Support the Café
Search our site

Open letter to Missouri Governor Jay Nixon

Open letter to Missouri Governor Jay Nixon

Ahead of the grand jury verdict in St. Louis County to determine whether to indict officer Darren Wilson in the shooting death of Michael Brown, Jim Wallis of Sojourner’s is asking Governor of Missouri Jay Nixon to work for peace and safeguard rights to free speech:

Jesus proclaimed, “Blessed are the peacemakers for they shall be called the children of God” (Matthew 5:9). The Rev. Dr. Martin Luther King Jr. reminded us, “True peace is not merely the absence of tension: it is the presence of justice.” These are not idealistic thoughts or nice sentiments to be dismissed when tensions and conflict arise. Rather, they are wise words of truth that should guide our thinking in moments of distress. We need to make Jesus’ instruction real and consider Dr. King’s words a practical exhortation for the ensuring peace and public safety in Ferguson once the grand jury has made the decision of whether to indict Darren Wilson…

Your leadership is needed now more than ever. This will be one of the defining episodes of your governorship. Please do everything possible to de-escalate violence, which means limiting the use of military tactics and not deploying the National Guard as a first response. The rights of people to peacefully speak and protest must be steadfastly preserved and respected by everyone, especially government leaders and law enforcement agencies. The easiest and most obvious way to protect public safety is to limit confrontation and not allow people’s rights to be infringed upon.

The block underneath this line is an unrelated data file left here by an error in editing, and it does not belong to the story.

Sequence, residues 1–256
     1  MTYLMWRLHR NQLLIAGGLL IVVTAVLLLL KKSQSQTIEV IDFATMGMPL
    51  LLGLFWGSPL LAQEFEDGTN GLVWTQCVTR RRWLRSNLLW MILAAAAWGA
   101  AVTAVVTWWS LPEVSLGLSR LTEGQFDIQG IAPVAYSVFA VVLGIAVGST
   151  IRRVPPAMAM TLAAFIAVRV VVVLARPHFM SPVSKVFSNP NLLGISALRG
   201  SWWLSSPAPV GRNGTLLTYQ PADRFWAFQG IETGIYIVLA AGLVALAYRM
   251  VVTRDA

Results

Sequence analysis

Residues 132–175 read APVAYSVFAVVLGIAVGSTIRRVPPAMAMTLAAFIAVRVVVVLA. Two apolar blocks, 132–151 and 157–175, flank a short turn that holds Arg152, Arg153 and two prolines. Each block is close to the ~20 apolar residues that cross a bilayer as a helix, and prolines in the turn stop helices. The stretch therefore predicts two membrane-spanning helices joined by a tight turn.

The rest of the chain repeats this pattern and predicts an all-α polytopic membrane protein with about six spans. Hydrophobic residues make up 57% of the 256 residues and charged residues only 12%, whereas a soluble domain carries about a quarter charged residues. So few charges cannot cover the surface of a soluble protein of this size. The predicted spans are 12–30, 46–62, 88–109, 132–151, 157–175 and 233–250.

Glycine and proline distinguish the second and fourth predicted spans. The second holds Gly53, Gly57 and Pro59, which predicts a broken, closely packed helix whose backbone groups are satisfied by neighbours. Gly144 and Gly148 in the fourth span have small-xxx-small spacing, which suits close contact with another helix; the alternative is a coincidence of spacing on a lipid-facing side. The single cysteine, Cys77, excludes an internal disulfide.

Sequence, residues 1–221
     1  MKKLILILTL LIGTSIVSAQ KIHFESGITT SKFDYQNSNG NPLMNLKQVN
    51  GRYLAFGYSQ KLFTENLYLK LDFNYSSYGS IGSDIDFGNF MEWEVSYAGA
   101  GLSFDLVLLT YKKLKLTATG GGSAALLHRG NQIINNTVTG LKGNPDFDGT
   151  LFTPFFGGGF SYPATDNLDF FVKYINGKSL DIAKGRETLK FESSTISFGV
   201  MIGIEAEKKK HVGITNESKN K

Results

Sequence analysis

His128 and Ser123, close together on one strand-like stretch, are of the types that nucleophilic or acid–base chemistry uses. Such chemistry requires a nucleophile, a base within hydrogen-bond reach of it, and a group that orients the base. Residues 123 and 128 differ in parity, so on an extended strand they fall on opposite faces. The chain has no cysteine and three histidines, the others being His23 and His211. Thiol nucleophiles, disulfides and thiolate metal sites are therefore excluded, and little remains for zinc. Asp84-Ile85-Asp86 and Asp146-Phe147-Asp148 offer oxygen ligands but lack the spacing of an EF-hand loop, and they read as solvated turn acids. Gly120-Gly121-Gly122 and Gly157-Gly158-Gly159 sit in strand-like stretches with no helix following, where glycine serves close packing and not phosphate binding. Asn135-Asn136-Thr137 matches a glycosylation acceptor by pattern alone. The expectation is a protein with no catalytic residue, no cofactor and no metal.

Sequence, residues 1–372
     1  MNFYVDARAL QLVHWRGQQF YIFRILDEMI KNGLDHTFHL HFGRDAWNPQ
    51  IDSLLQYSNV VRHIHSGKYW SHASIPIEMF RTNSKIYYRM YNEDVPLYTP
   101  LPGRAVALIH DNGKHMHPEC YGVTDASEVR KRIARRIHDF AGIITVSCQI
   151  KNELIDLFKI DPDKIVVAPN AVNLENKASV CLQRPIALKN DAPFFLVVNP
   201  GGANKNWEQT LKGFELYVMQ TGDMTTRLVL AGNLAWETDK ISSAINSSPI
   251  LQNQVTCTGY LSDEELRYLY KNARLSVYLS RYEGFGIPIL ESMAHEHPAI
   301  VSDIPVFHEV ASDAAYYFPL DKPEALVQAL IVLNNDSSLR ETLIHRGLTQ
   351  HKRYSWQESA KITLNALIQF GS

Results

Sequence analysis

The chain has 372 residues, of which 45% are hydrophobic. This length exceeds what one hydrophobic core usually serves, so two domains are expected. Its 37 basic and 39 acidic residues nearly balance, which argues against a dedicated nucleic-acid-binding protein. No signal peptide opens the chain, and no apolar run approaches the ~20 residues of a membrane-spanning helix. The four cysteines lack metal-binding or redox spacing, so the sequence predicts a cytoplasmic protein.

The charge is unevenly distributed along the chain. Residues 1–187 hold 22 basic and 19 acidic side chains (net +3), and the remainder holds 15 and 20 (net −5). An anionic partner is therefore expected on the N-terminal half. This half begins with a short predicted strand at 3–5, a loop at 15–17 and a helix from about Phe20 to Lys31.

For the full letter, please visit the Huffington Post religion page here.

Dislike (0)
Facebooktwitterpinterestlinkedinmail

Café Comments?

Our comment policy requires that you use your real first and last names and provide an email address (your email will not be published). Comments that use non-PG rated language, include personal attacks, that are not provable as fact or that we deem in any way to be counter to our mission of fostering respectful dialogue will not be posted.

Facebooktwitterrss
Support the Café
Past Posts

The Episcopal Café seeks to be an independent voice, reporting and reflecting on the Episcopal Church and the Anglican tradition.  The Café is not a platform of advocacy, but it does aim to tell the story of the church from the perspective of Progressive Christianity.  Our collective sympathy, as the Café, lies with the project of widening the circle of inclusion within the church and empowering all the baptized for the role to which they have been called as followers of Christ.

The opinions expressed at the Café are those of individual contributors, and, unless otherwise noted, should not be interpreted as official statements of a parish, diocese or other organization. The art and articles that appear here remain the property of their creators.

All Content  © 2017 Episcopal Café